Politics

Wednesday 30 July 2014

Bertie 'happy visit took place' despite missing out on Queen's dinner

Ronald Quinlan, Special Correspondent

Published 13/04/2014|02:30

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Former Taoiseach Bertie Ahern with Ronald Quinlan yesterday. Photo: Gerry Mooney
Former Taoiseach Bertie Ahern with Ronald Quinlan yesterday. Photo: Gerry Mooney
SEEDS OF PEACE: Former Taoiseach Bertie Ahern with former UK prime minister Tony Blair in 1999

Former Taoiseach Bertie Ahern has said that while he would have liked to have been invited to the banquet hosted by Queen Elizabeth in honour of President Michael D Higgins, both he and Tony Blair were just "happy enough" to see that the state visit had finally taken place.

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Speaking to the Sunday Independent yesterday, Mr Ahern politely refused to be drawn when asked to comment on the absence of his name from the list of invitations to the dinner at Windsor Castle.

Among those who attended the formal white-tie affair were the North's deputy first minister, former IRA commander Martin McGuinness.

Asked for his views on Mr McGuinness's presence at the event, Mr Ahern said: "I think it was very positive that Martin went and I was delighted that he went. Martin's always showed a lot of good leadership in my view and he's always been prepared to hold out the hand and to build and I know he's respected in the Unionist community for that because I've been up there [in the North] so often. I think it was good."

Asked if would have liked to have been at the banquet, which incidentally took place just three days before the 16th anniversary of the historic Good Friday Agreement which he had played such a crucial role in brokering along, he added: "I suppose everyone in the country would have liked to have been there but that's how it is. I think Tony Blair and myself were probably happy enough to see at last that this day had come."

Commenting on the progress which he believes has been made between the Catholic and Protestant communities in the North since the signing of the Good Friday Agreement in 1998, the former Taoiseach said: "Well I think it's great to see the progress that's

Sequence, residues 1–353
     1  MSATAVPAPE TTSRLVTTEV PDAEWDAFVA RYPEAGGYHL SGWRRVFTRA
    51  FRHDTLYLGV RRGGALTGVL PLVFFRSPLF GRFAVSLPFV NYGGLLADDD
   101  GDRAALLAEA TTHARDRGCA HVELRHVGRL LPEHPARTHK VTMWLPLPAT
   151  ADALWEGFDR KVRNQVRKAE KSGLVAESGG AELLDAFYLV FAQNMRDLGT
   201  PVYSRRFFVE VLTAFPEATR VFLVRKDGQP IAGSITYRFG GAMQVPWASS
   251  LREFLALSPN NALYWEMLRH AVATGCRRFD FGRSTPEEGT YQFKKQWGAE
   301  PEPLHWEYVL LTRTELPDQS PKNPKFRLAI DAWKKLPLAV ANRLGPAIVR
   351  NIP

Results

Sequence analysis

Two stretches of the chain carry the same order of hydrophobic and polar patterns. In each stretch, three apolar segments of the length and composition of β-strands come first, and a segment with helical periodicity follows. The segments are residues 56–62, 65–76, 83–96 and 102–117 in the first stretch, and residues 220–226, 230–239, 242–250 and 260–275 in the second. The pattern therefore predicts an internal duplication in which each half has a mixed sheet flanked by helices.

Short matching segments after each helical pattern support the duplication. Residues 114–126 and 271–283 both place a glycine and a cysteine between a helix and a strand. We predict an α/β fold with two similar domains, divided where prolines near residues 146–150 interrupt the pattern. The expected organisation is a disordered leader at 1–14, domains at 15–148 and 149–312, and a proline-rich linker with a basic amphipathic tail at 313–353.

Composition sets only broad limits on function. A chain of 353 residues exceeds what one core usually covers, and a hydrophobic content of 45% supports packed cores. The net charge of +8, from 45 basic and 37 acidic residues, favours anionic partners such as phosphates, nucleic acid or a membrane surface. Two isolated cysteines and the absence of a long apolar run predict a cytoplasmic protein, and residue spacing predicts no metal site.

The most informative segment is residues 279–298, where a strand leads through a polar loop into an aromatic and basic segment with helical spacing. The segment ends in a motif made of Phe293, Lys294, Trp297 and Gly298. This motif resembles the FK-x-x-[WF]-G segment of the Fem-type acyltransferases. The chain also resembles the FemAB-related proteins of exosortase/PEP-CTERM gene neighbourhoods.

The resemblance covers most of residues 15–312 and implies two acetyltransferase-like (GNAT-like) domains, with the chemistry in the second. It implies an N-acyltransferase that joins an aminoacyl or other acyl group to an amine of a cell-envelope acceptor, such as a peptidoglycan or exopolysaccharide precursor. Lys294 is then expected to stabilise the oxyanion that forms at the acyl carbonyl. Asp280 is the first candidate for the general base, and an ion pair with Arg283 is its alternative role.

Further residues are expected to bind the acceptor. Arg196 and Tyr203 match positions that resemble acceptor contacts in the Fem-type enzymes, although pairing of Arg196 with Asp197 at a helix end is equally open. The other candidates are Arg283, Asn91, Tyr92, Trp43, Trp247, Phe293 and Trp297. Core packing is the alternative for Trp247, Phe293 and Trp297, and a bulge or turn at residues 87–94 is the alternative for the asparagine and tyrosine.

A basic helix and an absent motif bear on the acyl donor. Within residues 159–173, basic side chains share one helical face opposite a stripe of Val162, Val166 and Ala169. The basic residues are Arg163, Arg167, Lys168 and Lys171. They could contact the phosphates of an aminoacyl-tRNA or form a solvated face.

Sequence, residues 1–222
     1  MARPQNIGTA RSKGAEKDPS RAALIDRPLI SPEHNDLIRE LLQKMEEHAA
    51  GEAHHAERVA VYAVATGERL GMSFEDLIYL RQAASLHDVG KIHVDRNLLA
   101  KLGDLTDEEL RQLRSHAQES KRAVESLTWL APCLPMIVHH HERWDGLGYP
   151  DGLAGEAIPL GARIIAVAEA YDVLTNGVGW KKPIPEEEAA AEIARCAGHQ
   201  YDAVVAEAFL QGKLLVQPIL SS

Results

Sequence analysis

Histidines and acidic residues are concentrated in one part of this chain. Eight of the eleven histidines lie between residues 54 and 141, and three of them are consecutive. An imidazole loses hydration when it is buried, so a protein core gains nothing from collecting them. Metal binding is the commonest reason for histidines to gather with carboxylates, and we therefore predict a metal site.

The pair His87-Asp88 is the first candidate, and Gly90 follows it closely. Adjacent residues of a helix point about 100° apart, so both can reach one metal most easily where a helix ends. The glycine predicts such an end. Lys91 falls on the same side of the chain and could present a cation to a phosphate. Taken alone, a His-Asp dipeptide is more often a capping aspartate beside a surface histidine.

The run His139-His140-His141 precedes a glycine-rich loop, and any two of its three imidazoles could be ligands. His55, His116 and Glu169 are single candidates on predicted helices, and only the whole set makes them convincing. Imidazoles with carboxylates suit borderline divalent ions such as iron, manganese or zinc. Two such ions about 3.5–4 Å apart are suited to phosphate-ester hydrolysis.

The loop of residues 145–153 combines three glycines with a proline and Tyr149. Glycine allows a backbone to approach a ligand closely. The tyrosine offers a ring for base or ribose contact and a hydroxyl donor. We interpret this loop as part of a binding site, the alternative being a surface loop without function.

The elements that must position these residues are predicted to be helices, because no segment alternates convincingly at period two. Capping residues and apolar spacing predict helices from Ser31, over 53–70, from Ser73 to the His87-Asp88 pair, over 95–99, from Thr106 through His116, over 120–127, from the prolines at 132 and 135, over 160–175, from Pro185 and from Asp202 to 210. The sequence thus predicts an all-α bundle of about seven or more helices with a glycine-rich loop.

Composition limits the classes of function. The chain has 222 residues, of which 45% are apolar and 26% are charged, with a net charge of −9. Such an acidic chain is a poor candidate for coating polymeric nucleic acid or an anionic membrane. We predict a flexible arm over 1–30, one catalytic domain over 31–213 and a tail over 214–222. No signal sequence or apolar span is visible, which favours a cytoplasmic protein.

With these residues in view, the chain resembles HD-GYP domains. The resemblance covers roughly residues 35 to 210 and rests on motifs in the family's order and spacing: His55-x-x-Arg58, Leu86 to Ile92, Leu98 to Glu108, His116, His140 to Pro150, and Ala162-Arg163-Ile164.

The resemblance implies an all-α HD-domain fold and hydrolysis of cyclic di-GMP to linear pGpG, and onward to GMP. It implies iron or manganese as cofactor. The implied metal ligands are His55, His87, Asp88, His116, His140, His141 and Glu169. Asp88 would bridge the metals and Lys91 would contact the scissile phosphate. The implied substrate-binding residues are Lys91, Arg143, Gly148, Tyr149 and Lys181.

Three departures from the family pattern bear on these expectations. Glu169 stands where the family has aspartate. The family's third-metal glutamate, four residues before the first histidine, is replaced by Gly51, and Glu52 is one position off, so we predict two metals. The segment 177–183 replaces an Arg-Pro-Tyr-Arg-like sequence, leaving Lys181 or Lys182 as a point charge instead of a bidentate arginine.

been made and there's no doubt about it the root of all the positive things that have happened in the North and the relationship between ourselves and the UK, all have grown out of the Good Friday Agreement. And not so much from the signing of the agreement, but all that happened in the implementation of it, particularly from 1998 to 2007."

Referring to President Higgins's historic visit to the UK, Mr Ahern added: "I was delighted to see the state visit was very successful and I think the President did a fine job, and I'm a member of the Council of State. I think it was a very good visit and a positive visit and it was good to see it being so successful and I think that added to the 2011 visit of the Queen here when President McAleese was in office, I think the two of them have been very good. The reality is there's still a lot more to be done. It doesn't all end here because we've had these visits."

Turning to the matter of the domestic economy and criticisms directed towards him last week in relation to the reliance he said he had given to reports from the ESRI prior to the 2008 crash, Mr Ahern said it was great to "see all the statements" coming out now in response to the think-tank's latest, upbeat report.

"I was always known for reading OECD, IMF and ESRI reports and of course listening to officials in the Central Bank and the Department of Finance. I didn't have any goal or thing to be out there on it. It's great to see all the statements coming out when there's a good ESRI report out and then you're criticised for listening to them [in 2008]," he said.

Sunday Independent

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